For elementary students Emma and Noah, developing leadership skills and increasing inclusivity among their peers is an important part of their school experience.
This is why they were excited to attend last week’s Raise The Bar
conference, which taught students how they can create inclusive intramural sporting programs at their schools.
“I thought it would be a cool experience to see how schools are organizing their intramural sports,” says Emma, a Grade 7 student at Aldershot School in Burlington. “I can help other students by demonstrating proper behaviour and help them get better at a sport.”
Noah, a Grade 7 student at Silver Creek Public School in Georgetown, says he wanted to “gain more knowledge” on how to be an effective leader.
“I like the idea of younger students looking up to me and saying, “Wow, he's doing something good and I want to do what he does.”
Raise The Bar was held on Thursday, Oct. 25 at St. Volodymyr's Church in Oakville, where more than 200 students, representing 43 schools, attended. The Ontario Physical and Health Education Association (Ophea) created this initiative and shared it with school boards.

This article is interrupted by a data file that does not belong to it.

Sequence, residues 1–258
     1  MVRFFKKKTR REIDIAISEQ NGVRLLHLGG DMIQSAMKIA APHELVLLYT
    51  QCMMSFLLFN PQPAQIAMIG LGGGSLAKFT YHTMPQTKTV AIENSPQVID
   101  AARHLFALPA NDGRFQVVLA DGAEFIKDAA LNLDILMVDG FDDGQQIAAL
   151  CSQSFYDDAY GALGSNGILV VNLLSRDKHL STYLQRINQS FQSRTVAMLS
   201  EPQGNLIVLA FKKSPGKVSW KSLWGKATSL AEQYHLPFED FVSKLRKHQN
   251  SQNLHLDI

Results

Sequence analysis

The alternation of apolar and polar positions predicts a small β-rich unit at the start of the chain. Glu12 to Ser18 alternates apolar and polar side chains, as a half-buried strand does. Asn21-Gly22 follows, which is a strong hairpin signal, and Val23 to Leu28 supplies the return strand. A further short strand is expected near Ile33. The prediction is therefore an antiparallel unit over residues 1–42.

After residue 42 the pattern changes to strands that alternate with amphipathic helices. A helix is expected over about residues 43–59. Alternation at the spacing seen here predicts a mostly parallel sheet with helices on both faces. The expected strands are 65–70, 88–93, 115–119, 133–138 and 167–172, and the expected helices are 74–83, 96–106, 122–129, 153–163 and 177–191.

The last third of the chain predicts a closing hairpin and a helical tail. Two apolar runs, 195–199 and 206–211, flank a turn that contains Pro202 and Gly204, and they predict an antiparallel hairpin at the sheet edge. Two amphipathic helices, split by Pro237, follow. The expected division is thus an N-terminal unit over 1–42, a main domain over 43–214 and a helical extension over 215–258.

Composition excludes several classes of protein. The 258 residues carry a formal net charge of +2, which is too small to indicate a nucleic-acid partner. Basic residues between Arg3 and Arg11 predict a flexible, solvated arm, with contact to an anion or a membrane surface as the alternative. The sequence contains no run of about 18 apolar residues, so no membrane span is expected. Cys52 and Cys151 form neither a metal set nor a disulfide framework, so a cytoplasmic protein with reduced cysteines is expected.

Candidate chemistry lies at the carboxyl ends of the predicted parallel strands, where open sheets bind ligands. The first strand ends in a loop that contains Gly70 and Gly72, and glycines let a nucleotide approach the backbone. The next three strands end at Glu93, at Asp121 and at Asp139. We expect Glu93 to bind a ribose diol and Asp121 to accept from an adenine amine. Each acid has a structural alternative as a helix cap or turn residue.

Paralympian Jeff Adams delivered an inspirational message to the group about achieving excellence through inclusion, diversity, teamwork and acceptance.
Tanya Woods, Instruction Program Leader for the Halton District School Board, says Raise The Bar is an effective initiative to cultivate student leadership, help students understand the importance of physical education through play and exchange ideas about how to implement intramural sports at school.
“We see this as a great opportunity to increase awareness around intramurals and hopefully target schools looking for leadership opportunities for their students.”
The packed day of learning included students brainstorming what an inclusive intramural program looks like; taking part in an inclusive activity run by Ophea staff members; and visiting nearby elementary schools where they took part in intramural games led by Board teachers.
Raise The Bar shows students that intramural sports are a great way to increase inclusivity in their school while developing key leadership skills, Woods says.
“The goal is for students to learn ideas and activities they can use to either begin or augment their intramural program,” she says. “They see the value in how inclusive intramurals can be, that they don't have to be sport specific or cater to elite athletes, and they can be fun and give students opportunities to expend energy during the school day.”